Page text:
Tuesday, September 25, 2012

Which Country Next for FM Switch Off?

The UK is among the countries I believe will decide to switch off FM soon. Brilliant button @ Bob Bob Ricard, Soho.

The Norwegian government has decided to switch off FM in January 2017 (given certain criteria which will be fulfilled). And in neighbouring Sweden, a governmental report on radio and media in general was recently published. It clearly states that radio in Sweden will go digital and that the broadcasters will get extra money to do so. So, the future home of Julian Assange is set to follow in the steps of the Norwegians. The date is however uncertain, but probably by 2020. In the third Scandinavian country, politicians are expected to agree on a switch off in 2019. That is when the Danish FM licenses run out. The announcement can be expected as early as in October or November.

So, who dares go next? Two years ago no one outside the offices of certain broadcasters even dared utter the three words "FM", "switch" and "off" in the same sentence, let alone in that order. Now, to switch off FM is a clear goal being implemented in policies in more and more countries. Why? Because it saves broadcasters a lot of money that can be spent on better programs, it ensures the same radio offering to everyone whereever they live and it is much greener. Do you need more reasons? Here is a selection of articles. Help youself

My bet is that at least four out of the five countries below will follow suit and make an announcement of a forthcoming FM switch off no later than the end of 2014. The date of the actual switch off will vary, but a notice of 3-6 years is expected to be given. In reality, users should only be given two years. People are not stupid, they will get a new radio when one is needed. Not before. As is the case with a switch off of analogue television, most people wait until the last 2-3 weeks before the analogue signal goes off air until they buy the needed setup box. Consumers expect prices to fall while extra functionality will be added the longer they wait. Sales also pop up all over the place when retailers know something big is happening, so why buy now if you don't have to?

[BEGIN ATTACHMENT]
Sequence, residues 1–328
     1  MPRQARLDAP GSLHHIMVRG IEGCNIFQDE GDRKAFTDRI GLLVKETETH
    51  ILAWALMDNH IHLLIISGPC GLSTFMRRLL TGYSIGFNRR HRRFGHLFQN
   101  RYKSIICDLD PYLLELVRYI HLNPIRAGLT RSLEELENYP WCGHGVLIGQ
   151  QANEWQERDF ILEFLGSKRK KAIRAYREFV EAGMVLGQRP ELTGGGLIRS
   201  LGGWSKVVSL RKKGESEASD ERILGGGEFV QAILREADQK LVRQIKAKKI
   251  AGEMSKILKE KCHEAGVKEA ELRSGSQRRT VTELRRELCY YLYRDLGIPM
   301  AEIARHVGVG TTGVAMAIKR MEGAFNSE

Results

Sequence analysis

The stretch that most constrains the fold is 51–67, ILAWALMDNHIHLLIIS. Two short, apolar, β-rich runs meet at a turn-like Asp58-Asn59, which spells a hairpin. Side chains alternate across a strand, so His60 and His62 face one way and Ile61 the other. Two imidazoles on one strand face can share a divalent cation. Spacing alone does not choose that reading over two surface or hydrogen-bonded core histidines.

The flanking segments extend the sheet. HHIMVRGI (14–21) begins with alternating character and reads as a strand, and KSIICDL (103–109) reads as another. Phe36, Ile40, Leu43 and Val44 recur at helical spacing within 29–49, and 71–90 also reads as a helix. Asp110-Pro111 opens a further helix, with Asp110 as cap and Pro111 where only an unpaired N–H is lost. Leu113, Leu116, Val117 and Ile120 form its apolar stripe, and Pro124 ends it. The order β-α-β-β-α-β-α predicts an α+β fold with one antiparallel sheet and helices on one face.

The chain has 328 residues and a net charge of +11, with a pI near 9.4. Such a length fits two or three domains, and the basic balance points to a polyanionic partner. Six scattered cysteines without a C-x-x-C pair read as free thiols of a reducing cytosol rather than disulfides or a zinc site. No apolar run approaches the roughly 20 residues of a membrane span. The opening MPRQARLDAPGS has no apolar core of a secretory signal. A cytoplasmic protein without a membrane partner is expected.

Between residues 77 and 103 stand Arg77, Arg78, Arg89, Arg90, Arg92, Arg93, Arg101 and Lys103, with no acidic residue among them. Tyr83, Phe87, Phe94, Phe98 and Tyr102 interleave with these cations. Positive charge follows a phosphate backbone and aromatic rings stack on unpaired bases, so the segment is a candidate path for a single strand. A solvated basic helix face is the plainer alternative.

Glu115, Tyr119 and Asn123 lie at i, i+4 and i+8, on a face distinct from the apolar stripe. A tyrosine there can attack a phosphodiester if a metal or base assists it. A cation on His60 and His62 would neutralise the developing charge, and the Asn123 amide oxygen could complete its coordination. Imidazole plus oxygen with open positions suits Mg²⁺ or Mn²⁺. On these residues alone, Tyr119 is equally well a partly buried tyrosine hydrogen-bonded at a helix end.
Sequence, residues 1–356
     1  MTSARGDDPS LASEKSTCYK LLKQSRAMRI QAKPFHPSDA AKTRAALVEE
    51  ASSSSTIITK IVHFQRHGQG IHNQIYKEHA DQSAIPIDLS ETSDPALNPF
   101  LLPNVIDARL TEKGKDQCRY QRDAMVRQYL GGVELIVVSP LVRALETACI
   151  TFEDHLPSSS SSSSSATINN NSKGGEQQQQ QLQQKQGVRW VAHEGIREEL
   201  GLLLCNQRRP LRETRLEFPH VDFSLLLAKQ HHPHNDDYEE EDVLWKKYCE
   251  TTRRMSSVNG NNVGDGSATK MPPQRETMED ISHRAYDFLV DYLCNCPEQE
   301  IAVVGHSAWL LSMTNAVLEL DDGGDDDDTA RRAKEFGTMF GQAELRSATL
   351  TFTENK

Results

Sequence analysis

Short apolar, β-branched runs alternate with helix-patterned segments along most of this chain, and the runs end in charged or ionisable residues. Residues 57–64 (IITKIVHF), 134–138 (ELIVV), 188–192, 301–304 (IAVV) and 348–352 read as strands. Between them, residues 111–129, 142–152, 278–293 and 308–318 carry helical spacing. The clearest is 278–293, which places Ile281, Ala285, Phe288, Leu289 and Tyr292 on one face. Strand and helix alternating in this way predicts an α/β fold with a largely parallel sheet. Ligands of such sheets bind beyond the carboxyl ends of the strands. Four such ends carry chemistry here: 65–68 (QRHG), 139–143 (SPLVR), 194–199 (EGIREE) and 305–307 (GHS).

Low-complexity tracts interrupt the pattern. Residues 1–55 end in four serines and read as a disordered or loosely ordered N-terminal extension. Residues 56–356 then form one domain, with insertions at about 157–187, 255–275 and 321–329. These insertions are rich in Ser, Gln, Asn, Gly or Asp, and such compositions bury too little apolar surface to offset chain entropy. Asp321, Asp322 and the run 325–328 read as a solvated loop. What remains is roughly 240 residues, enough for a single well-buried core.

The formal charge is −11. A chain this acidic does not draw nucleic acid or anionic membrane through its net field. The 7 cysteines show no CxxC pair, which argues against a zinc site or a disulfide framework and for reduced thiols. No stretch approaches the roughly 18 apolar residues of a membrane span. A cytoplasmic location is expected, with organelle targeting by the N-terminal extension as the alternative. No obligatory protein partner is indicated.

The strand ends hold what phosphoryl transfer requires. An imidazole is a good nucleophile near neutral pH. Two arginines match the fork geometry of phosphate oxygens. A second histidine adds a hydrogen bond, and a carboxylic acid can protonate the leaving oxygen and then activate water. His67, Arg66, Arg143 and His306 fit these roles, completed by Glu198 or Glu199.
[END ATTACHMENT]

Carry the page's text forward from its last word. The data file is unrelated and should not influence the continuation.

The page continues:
Great Britain
This was the first country to start a DAB trial, and DAB signals now reach 93% of the population. Coverage will be increased to 97% by the end of 2015. 40% of people in London listen to DAB every week, and the UK seems almost ready to take the plunge as the first big country. How about an announcement in 2013?

The Netherlands
DAB has been on air for years in the Netherlands, but with very little marketing and few devices in shops. This is about to change, and both the public service broadcaster and the commercial ones will have transmissions on air by September 1, 2013. In addition moile TV company MTVNL has mobile TV signals and updated traffic data on air via DMB. The government looks at the licensing of FM and DAB as one matter. If you're not on digital, you will not be allowed to remain on FM. The Dutch are more than ready to switch off FM relatively soon.